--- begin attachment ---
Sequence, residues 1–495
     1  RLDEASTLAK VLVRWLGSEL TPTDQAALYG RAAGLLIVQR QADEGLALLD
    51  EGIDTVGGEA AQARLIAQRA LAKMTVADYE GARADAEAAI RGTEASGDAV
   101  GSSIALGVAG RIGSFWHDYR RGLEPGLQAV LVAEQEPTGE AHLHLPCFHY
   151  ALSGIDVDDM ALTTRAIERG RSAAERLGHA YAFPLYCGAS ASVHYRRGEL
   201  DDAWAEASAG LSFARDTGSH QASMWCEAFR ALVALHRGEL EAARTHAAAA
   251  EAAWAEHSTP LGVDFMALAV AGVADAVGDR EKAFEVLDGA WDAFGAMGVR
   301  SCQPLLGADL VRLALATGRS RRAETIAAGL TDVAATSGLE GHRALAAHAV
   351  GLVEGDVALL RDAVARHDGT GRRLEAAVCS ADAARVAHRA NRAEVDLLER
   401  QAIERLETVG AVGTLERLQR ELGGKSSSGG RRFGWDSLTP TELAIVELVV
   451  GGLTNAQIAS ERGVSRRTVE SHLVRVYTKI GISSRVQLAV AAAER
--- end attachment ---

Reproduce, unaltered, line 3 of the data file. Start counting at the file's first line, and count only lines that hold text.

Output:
    51  EGIDTVGGEA AQARLIAQRA LAKMTVADYE GARADAEAAI RGTEASGDAV